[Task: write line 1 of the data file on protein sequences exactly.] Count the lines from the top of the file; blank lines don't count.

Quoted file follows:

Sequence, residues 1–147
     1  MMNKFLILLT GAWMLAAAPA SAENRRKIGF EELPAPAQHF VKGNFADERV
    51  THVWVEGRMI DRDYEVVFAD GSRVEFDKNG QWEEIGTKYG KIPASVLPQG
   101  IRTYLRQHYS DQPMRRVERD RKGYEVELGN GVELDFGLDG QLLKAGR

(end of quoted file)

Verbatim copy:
Sequence, residues 1–147